Goodyear Tire & Rubber Co. v. Haeger, No. 15-1406
Issue(s): Whether a federal court is required to tailor compensatory civil sanctions imposed under inherent powers to harm directly caused by sanctionable misconduct when the court does not afford sanctioned parties the protections of criminal due process.
Lynch v. Dimaya, No. 15-1498
Issue(s): Whether 18 U.S.C. 16(b), as incorporated into the Immigration and Nationality Act's provisions governing an alien's removal from the United States, is unconstitutionally vague.
Lewis v. Clarke, No. 15-1500
Issue(s): Whether the sovereign immunity of an Indian tribe bars individual-capacity damages actions against tribal employees for torts committed within the scope of their employment.
Dean v. U.S., No. 15-9260
Issue(s): Whether the Supreme Court's decision in Pepper v. United States overruled United States v. Hatcher and related opinions from the U.S. Court of Appeals for the 8th Circuit to the extent that those opinions limit the district court's discretion to consider the mandatory consecutive sentence under 18 U.S.C. § 924(c) in determining the appropriate sentence for the felony serving as the basis for the Section 924(c) conviction.
Kindred Nursing Centers Limited Partnership v. Clark, No. 16-32
Issue(s): Whether the Federal Arbitration Act pre-empts a state-law contract rule that singles out arbitration by requiring a power of attorney to expressly refer to arbitration agreements before the attorney-in-fact can bind her principal to an arbitration agreement.
Esquivel-Quintana v. Lynch, No. 16-54
Issue(s): Whether a conviction under one of the seven state statutes criminalizing consensual sexual intercourse between a 21-year-old and someone almost 18 constitutes an “aggravated felony” of “sexual abuse of a minor” under 8 U.S.C. § 1101(a)(43)(A) of the Immigration and Nationality Act – and therefore constitutes grounds for mandatory removal.
Coventry Health Care of Missouri v. Nevils, No. 16-149
Issue(s): (1) Whether the Federal Employees Health Benefits Act pre-empts state laws that prevent carriers from seeking subrogation or reimbursement pursuant to their FEHBA contracts; and (2) whether FEHBA's express-pre-emption provision, 5 U.S.C. § 8902(m)(1), which expressly “preempt[s] any State or local law” that would prevent enforcement of “the terms of any contract” between the Office of Personnel Management and a carrier which “relate to the nature, provision, or extent of coverage or benefits (including payments with respect to benefits)[,]” violates the supremacy clause.
Gloucester County School Board v. G.G., No. 16-273
Issue(s): (1) Whether courts should extend deference to an unpublished agency letter that, among other things, does not carry the force of law and was adopted in the context of the very dispute in which deference is sought; and (2) whether, with or without deference to the agency, the Department of Education's specific interpretation of Title IX and 34 C.F.R. § 106.33, which provides that a funding recipient providing sex-separated facilities must “generally treat transgender students consistent with their gender identity,” should be given effect.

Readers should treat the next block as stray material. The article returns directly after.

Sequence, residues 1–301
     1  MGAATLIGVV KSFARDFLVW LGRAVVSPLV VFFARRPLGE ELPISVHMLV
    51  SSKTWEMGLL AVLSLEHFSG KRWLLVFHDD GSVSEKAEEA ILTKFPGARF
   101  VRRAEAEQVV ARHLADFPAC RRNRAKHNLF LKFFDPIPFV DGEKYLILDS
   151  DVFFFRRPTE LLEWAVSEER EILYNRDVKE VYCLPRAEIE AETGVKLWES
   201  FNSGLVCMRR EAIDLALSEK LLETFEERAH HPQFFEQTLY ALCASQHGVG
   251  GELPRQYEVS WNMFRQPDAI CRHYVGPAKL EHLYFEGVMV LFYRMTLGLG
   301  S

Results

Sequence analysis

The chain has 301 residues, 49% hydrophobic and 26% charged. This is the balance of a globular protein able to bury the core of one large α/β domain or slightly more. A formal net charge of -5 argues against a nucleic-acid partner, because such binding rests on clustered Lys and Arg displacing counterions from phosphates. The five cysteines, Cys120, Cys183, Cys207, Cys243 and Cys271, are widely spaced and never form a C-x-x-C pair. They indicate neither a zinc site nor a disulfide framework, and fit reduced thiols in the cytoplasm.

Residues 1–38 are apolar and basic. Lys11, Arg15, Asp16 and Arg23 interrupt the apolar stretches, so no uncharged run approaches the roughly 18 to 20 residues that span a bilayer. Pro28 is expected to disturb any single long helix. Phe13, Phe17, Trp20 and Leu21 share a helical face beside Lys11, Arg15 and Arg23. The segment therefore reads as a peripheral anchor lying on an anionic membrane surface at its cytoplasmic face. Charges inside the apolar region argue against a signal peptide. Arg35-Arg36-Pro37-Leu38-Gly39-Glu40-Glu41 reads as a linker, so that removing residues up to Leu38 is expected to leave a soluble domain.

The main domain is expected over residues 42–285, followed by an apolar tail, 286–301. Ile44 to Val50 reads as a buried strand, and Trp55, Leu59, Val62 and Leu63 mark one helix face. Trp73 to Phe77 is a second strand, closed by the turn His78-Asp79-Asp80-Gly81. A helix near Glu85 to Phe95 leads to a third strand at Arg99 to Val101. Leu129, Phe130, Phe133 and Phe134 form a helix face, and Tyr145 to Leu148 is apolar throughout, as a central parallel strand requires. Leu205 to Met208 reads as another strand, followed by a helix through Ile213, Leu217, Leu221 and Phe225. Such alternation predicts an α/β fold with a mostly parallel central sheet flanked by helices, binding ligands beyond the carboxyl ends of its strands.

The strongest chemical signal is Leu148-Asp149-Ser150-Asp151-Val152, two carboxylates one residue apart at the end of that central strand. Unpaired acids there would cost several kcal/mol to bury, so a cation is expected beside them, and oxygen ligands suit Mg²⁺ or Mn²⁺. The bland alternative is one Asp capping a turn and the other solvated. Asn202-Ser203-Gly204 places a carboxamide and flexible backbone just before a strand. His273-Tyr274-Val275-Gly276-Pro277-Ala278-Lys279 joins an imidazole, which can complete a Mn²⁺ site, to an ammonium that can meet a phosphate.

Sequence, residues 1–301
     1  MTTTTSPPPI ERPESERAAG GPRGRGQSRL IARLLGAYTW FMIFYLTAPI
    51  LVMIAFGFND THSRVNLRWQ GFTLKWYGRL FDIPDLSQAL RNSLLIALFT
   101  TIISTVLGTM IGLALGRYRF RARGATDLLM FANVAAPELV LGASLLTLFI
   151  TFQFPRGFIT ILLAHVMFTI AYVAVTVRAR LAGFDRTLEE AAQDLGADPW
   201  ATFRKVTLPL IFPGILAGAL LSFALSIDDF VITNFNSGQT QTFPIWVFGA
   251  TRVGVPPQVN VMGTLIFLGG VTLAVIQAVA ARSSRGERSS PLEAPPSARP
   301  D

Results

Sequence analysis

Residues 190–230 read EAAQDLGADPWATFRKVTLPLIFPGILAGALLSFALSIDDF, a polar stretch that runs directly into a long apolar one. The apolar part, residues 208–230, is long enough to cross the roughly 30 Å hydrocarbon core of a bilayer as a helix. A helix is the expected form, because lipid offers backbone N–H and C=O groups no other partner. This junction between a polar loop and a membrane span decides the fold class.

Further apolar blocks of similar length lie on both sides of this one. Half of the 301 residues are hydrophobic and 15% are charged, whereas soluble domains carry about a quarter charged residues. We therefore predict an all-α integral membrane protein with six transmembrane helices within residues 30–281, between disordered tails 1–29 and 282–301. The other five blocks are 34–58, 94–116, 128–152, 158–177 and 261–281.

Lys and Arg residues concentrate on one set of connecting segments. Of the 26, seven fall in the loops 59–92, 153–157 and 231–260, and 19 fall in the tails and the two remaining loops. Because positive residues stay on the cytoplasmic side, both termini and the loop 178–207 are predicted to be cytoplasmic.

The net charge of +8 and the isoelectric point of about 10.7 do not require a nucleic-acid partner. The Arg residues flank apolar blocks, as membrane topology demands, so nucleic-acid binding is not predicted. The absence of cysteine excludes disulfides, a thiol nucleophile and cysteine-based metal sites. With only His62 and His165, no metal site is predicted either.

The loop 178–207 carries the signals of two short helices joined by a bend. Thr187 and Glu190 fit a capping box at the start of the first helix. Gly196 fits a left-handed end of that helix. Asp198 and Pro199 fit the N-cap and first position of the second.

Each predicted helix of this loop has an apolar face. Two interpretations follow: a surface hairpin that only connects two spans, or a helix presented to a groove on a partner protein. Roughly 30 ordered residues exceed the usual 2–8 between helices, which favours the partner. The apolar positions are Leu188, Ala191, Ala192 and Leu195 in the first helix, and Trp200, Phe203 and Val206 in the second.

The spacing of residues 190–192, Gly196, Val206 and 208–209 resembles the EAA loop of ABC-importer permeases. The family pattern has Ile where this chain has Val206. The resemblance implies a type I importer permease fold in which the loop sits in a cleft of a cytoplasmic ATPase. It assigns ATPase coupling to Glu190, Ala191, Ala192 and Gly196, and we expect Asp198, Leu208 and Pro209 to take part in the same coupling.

Midland Funding, LLC v. Johnson, No. 16-348
Issue(s): (1) Whether the filing of an accurate proof of claim for an unextinguished time-barred debt in a bankruptcy proceeding violates the Fair Debt Collection Practices Act; and (2) whether the Bankruptcy Code, which governs the filing of proofs of claim in bankruptcy, precludes the application of the Fair Debt Collection Practices Act to the filing of an accurate proof of claim for an unextinguished time-barred debt.

SCOTUS - History

Here are some facts about the Supreme Court Of The United States.  Information was provided by Kathleen McCleary | Parade | February 7, 2016

Who Are The Justices of SCOTUS? 

What type of cases heard by the SCOTUS?

Birth, death, marriage, life, what it means to be a person, to have equal rights, to be fair—this is the stuff the Supreme Court of the United States (SCOTUS) examines every year, making decisions that become the law of the land.

“The justices of the Supreme Court establish—by interpreting laws and a constitution—a set of laws for the country. Without that we have no laws,” says Nina Totenberg, legal affairs correspondent for National Public Radio.

Thousands of cases are sent to the Court every year. If four of the nine justices agree a case should be heard, the Court asks the federal courts to send up all the information about the case so they can review it (known as granting a writ of certiorari). The Court chooses cases with national significance: Do kids have the right to pray in school? Should workers pay fees to labor unions if they don’t want to be a member? Did President Obama exceed his powers in trying to protect illegal immigrants from deportation? They also take cases when the lower courts can’t agree how to interpret the law involved; SCOTUS’ decision then becomes the precedent that every court in the U.S. has to follow.


  • The Supreme Court building is one of the only federal buildings ever to come in under budget. Congress authorized $9,740,000 for its construction; the building was completed and furnished for $94,000 less. The remainder was returned to the Treasury.